I prevent bugs like that by always looping to infinity -1.

          1. Benegesserict Cumbersomberbatch Silver badge

            Re: Yes, but...

            Attachment: Cantor_Hotel.rar

          2. CowHorseFrog Silver badge

            Re: Yes, but...

            Wouldnt you run out of memory creating the number holding all them digits ?

        2. emfiliane

          Re: Yes, but...

          Igor, bless his heart, is a genius at fancy maths and dirty coding tricks, not so much software engineering or UX. It's a throwback to that age when all compression and encryption code looked like that, heck, most software in general, and it's probably the only reason I've visited Sourceforge in years. Unrar (the only free and open source part of rar) has been cleaned up dramatically over the years compared to early releases, so it's not that ugly anymore, but it started in a quite dire state. Too bad Igor declines pretty much any code contributions, including cleanup patches.

    2. jonha

      Well... I use 7z for many things (it's faster and normally has better compression rates than RAR) but for everything that has to survive for a long time and is REALLY important I use RAR only. Main reason is that RAR can add user-defined amounts of redundancy to an archive, so even if bits of an archive go and bit-rot, chances are I can still access most if not all of it. I don't think 7z has such a feature.

      1. mark l 2 Silver badge

        Interesting i didn't know RAR archives could do that. I guess that goes to explain why a propriety program like WinRAR is still relevant when Windows has natively supported ZIP for decades, and open source alternatives such as 7zip have been around for a long time to.

        I did see there was a open source archive format called Freearc that supported recovery records, but it looks like the project has died since there hasn't been any new releases since 2016.

        Maybe this is something that 7zip can add support for it newer versions going forward?

        1. DanceMan

          Proprietary is the word you were looking for.

        2. GottZ

          keep in mind why zip is present in windows..

          dave plummer made this in his spare time while working for windows.

          it was a third-party tool initially and microsoft asked to buy it form him and integrate it into windows.

          I suspect it just never was touched again since then, and thus the reason why there is only zip support.

      2. Nick Stallman

        For format independent recovery records just use par2. It lets you add recovery information as separate files for any kind of data type.

      3. Fred Daggy Silver badge

        If survivability is key, then TAR, optionally followed by GZIP will be your friend.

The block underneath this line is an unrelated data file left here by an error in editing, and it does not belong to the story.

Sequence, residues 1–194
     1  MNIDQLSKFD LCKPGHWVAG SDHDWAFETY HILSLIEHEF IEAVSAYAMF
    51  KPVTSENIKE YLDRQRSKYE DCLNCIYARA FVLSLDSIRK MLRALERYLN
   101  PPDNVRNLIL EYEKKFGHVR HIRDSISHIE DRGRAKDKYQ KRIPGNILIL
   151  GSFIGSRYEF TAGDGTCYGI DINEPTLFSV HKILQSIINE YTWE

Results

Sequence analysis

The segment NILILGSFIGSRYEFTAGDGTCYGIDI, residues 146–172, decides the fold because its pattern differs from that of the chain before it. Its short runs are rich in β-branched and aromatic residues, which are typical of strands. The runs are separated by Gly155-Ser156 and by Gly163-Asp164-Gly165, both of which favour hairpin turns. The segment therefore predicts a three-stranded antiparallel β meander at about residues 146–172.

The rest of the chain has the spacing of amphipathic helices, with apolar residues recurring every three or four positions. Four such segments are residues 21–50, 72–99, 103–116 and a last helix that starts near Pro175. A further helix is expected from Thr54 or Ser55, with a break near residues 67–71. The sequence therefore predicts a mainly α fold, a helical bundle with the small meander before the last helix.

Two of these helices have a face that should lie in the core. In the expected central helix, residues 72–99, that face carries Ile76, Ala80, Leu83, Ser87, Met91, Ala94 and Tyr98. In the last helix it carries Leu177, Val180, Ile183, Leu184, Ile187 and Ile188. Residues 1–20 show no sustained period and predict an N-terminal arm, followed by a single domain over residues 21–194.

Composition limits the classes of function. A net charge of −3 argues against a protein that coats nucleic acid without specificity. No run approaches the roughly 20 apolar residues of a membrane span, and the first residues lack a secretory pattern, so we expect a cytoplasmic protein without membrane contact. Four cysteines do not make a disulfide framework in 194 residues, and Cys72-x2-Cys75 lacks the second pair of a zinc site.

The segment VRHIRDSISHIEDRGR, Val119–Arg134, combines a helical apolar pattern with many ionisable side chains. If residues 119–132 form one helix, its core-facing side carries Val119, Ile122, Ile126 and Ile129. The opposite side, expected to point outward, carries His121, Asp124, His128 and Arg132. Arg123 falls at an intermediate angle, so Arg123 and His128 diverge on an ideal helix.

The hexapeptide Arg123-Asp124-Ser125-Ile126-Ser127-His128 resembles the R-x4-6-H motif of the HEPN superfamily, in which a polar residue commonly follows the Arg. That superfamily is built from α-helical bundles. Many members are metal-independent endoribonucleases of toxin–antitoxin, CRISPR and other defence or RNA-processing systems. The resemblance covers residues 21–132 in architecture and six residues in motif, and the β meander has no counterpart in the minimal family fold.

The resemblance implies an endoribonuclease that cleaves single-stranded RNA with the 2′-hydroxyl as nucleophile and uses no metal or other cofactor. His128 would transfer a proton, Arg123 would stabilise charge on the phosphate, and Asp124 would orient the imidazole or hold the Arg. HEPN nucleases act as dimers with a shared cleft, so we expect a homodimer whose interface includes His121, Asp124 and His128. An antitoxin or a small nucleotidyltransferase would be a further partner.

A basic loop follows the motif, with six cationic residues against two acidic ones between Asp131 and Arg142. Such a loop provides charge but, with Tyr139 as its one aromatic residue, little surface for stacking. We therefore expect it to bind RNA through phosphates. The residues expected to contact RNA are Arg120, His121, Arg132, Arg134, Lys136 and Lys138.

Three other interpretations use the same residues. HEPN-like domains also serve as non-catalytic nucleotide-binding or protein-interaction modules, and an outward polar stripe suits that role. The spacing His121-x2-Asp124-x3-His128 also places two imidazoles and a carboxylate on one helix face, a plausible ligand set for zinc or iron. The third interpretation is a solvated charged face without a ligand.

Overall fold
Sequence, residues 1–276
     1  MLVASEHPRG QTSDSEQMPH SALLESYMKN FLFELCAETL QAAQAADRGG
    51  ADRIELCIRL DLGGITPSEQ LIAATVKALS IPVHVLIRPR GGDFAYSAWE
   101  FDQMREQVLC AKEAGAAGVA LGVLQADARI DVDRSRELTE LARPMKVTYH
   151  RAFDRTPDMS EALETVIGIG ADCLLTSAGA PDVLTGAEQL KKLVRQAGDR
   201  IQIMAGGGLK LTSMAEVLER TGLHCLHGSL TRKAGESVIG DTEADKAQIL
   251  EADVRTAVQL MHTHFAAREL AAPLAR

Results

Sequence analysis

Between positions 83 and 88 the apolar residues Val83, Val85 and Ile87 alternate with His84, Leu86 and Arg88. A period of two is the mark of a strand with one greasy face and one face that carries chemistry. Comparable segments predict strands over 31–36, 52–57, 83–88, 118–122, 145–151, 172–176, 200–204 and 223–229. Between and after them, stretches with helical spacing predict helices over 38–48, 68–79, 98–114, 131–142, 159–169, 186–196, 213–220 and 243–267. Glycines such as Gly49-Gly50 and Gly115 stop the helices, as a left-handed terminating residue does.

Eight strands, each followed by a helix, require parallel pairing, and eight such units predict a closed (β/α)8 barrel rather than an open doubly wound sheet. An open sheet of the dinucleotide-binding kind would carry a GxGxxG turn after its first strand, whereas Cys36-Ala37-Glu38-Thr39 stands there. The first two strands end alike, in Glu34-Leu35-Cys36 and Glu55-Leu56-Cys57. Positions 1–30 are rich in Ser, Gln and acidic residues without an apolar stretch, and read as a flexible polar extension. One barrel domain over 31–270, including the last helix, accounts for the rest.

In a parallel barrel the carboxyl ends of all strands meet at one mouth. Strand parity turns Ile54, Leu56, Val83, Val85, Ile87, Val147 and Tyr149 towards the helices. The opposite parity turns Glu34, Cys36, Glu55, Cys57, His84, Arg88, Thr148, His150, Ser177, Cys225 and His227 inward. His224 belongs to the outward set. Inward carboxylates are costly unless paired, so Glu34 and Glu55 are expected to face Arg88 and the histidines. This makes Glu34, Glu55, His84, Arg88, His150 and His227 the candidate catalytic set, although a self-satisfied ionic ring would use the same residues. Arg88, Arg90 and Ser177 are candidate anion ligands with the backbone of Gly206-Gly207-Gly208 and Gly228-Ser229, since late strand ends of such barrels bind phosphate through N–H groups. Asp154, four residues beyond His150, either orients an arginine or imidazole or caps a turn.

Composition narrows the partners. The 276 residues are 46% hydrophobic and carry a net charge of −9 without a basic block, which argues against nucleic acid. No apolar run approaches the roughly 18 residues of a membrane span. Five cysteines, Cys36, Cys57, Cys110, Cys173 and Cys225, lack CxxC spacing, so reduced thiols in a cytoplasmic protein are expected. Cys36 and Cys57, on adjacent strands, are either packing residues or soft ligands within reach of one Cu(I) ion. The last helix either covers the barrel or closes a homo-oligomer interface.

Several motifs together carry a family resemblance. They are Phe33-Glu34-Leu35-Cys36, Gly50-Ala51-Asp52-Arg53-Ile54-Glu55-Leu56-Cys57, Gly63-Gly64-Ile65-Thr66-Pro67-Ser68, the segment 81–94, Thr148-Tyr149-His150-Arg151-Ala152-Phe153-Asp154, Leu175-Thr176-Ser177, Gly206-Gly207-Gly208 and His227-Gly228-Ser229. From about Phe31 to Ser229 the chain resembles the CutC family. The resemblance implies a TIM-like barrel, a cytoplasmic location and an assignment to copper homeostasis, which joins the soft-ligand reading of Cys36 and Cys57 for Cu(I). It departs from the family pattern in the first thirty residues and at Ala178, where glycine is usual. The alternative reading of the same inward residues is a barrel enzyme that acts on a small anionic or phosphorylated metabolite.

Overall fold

Source code available and should be runnable even 10,000 years down the track. Add in checksums to data before and after you TAR it.

        Personally, i use 7-zip, but i have had my arse saved by tar (via Cygwin) for storing of system logs on Windows. S-ox records and a PFY auditor - "can you prove you never changed this?". Yup, and here you go ....

        1. adam 40 Silver badge

          CPIO rules

          cpio -oBcduv

          There are some advantages over tar, such as restoring _all_ date stamps.

        2. heyrick Silver badge


          Assuming our species is still around in 10,000 years, I rather imagine that anything we create now (data, source code, etc) will be incomprehensible cuneiform scribbles by then.

          1. Nifty

            It's being used to keep the records of where we stored the nuclear waste.

      4. Piro Silver badge

        Yeah, rar is king if you want to protect files in the long run

      5. heyrick Silver badge

        "RAR can add user-defined amounts of redundancy to an archive"

        Dumb question, but why not use your preferred archive format and make copies? That way, if one media is failing you can use another.

        Think of it as hardware assisted redundancy. ;)

    3. Dan 55 Silver badge

      I don't see how unregistered WinRAR could be approved for corporate use anyway given its licence.

  5. ludicrous_buffoon

    Need money to plug holes

    This is what we get for ignoring their desperate pleas and never sending them the $29.99.

    1. Martin Summers

      Re: Need money to plug holes

      I was going to make a comment like this until I saw yours. Yeah just think of the millions of shareware abusers out there now with Day 800 of a 30 day trial :-) WinRAR has the last laugh!

  6. JulieM Silver badge

    Never trusted it.

    I knew I didn't trust .rar when even the Source Code for the decompression utility carried an unenforcible but still scary admonition that it was not to be used for developing a compatible compression


    In my experience, that sort of behaviour has *always* meant the person who wrote it thought they had done something really clever.

  7. Locky

    Both the licensed users will be furious

  8. DrXym

    Well that's not good

    I expect piracy websites will be filled with exploited .rar files along with all the other stuff they do to catch people unawares, e.g. .scr files, .wmv files etc.

  9. Mike_JC

    I used to use WinZip but every update to Windows 11 broke WinZip, needing to pay for an update, so now I use 7-zip which is free to use and bug-free.

  10. steviebuk Silver badge

    Was tempted

    As a bit of history, to buy it and get the CD delivered but now see that "updates" are a yearly subscription so they can go fuck a duck.